I think it worth keeping in mind, that sometimes when you first hear advice, you might not be ready to understand how to take advantage of the advice. Which is why your point of sometimes needing to hear the same advice more than once is key. If you don't yet have the context for the advice, hearing it might not do you much good. But then with experience and time, you go back and learn again either from old sources or new, and you might get more from the advice.
jongibbs
Nov. 22nd, 2010 08:25 pm (UTC)
That's certainly the case for me.
coyotegoth
Nov. 22nd, 2010 08:51 pm (UTC)
For me, it was when I had decided to write some Stuart Little fanfic; I realized that with the book having been written (and presumably set) in 1945, it would be possible for Stuart, in his search for Margolo, to run into another wanderer. Rather random as these things go, but hey, you asked :)
jongibbs
Nov. 22nd, 2010 09:43 pm (UTC)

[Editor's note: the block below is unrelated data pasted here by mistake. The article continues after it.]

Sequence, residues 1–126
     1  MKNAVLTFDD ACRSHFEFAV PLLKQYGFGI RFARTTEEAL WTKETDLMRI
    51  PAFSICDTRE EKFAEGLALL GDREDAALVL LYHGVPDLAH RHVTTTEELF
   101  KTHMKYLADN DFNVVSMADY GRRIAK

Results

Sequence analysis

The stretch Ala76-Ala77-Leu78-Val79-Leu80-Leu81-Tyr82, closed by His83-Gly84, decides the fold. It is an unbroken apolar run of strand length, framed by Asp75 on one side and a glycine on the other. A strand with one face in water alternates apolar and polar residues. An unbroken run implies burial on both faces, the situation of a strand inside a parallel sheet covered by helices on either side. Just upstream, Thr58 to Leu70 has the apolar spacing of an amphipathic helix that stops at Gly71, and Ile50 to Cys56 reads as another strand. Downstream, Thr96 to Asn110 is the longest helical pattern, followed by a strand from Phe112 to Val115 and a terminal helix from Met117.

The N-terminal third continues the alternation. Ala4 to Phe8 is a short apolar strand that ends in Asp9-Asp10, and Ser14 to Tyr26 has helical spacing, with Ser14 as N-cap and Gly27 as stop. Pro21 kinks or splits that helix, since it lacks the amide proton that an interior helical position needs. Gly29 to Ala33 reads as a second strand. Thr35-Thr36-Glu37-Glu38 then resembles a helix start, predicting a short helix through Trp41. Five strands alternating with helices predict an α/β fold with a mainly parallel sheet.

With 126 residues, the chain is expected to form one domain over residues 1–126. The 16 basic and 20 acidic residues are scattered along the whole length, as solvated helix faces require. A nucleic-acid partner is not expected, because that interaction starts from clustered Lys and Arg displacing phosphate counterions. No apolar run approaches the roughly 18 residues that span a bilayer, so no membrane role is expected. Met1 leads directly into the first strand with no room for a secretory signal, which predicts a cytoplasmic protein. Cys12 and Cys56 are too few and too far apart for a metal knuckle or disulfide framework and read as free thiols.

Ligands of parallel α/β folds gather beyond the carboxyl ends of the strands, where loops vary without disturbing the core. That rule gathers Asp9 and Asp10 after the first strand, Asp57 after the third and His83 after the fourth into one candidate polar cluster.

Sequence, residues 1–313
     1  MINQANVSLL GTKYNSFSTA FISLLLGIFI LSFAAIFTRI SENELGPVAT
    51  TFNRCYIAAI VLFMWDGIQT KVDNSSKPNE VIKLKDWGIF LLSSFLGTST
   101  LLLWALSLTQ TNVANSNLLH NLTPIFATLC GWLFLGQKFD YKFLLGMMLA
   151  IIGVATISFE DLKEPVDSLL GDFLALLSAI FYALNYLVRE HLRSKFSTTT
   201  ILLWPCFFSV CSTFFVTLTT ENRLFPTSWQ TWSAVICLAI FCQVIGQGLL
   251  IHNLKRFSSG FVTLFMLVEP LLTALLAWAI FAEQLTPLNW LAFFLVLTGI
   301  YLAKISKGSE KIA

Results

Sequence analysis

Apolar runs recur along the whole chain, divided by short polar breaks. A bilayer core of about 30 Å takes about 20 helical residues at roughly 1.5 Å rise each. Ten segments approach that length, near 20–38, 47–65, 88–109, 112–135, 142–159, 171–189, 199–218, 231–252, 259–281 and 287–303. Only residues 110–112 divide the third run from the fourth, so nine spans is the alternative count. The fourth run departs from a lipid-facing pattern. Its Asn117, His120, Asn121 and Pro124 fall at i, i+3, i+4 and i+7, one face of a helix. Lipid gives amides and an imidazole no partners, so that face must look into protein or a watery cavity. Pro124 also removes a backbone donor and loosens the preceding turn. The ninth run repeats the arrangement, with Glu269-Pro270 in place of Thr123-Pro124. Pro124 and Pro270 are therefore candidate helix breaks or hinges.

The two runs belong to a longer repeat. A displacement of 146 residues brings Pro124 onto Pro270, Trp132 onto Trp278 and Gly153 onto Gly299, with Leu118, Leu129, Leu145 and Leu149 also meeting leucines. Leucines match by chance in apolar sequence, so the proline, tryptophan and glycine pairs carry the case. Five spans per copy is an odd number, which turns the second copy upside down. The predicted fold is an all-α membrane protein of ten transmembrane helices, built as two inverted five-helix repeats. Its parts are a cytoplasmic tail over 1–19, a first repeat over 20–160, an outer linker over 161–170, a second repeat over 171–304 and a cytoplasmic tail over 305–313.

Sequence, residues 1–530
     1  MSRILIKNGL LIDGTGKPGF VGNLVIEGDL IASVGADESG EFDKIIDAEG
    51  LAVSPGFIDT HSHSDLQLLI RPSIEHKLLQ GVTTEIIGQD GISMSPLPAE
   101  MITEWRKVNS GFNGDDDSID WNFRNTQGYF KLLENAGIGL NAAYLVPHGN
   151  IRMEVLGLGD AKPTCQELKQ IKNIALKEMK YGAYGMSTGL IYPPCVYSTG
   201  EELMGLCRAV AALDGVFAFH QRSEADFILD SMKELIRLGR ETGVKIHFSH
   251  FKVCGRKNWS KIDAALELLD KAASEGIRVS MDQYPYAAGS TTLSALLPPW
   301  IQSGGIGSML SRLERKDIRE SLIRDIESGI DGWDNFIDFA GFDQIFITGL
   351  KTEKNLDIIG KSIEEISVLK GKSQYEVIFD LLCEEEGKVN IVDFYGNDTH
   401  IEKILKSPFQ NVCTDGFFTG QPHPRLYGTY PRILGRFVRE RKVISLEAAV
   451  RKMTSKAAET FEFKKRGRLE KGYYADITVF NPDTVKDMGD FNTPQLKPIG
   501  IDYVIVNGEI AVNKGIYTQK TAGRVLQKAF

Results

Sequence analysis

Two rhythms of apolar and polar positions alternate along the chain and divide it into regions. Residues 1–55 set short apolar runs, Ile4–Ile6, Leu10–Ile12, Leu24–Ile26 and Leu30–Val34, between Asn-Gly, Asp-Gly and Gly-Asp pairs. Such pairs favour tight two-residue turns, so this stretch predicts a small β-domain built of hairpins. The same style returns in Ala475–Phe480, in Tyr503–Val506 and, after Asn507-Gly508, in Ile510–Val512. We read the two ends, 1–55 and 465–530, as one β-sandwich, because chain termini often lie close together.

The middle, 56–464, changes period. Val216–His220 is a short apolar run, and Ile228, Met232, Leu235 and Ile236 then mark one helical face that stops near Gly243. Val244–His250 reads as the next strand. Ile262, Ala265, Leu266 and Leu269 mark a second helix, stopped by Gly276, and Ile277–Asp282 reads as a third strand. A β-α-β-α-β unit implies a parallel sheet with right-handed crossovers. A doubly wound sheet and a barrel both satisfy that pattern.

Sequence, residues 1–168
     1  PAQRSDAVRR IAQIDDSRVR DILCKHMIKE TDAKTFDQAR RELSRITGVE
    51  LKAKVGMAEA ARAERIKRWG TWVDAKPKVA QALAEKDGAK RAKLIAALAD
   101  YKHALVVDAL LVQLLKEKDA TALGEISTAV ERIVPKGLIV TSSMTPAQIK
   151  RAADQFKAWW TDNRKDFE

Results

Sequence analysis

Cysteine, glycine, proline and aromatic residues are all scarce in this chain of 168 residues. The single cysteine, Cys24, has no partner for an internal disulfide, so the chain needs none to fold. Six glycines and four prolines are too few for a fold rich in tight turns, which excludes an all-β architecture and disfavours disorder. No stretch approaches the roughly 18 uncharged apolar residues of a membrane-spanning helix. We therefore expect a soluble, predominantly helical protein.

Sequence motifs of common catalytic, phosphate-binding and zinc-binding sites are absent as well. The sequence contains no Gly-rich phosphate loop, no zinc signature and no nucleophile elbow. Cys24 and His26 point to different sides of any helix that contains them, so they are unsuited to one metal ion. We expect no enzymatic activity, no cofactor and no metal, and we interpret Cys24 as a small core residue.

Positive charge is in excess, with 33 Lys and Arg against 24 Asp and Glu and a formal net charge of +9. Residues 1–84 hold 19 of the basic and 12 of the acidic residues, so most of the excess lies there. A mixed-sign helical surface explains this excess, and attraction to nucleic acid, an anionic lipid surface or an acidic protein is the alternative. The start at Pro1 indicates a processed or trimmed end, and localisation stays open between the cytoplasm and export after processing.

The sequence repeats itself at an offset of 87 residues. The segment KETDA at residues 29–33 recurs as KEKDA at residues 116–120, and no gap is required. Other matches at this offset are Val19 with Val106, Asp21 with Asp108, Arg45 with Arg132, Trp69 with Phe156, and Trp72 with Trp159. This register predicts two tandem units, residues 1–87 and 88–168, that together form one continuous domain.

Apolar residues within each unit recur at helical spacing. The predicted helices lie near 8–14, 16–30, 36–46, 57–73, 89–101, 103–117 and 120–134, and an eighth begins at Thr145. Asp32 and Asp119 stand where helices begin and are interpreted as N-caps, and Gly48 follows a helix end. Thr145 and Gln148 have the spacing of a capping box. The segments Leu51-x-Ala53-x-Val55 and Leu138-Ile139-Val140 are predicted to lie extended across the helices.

Lol, I think euraka moments are random :)
(Deleted comment)
jongibbs
Nov. 23rd, 2010 12:40 am (UTC)
Lol, mine too :)
clarionj
Nov. 23rd, 2010 03:12 pm (UTC)
What was your last writing epiffeny epiphanee... eureka moment

Hahahah!!

I'll be back later with one of those moments if I come up with one, but you got me laughing, so I thought I'd lol here.
jongibbs
Nov. 23rd, 2010 04:27 pm (UTC)
And I'm glad you did :)
paulwoodlin
Nov. 24th, 2010 05:08 am (UTC)
I think it was about a month ago. I was brain storming for one novel in a series, and while filling in the background material, realized there was another novel in the background.
jongibbs
Nov. 25th, 2010 02:00 am (UTC)
Now that's my kind of eureka moment :)
(Deleted comment)
jongibbs
Nov. 26th, 2010 09:07 am (UTC)
Re: I made up the green part
Lol, that proves it, then :)
jennygordon
Nov. 27th, 2010 12:26 pm (UTC)
Ha ha! Glad I'm not the only person who get's distracted like that. I'm also inclined to wander off in search of small guns when I'm writing a first draft ;O)
( 28 comments — Leave a comment )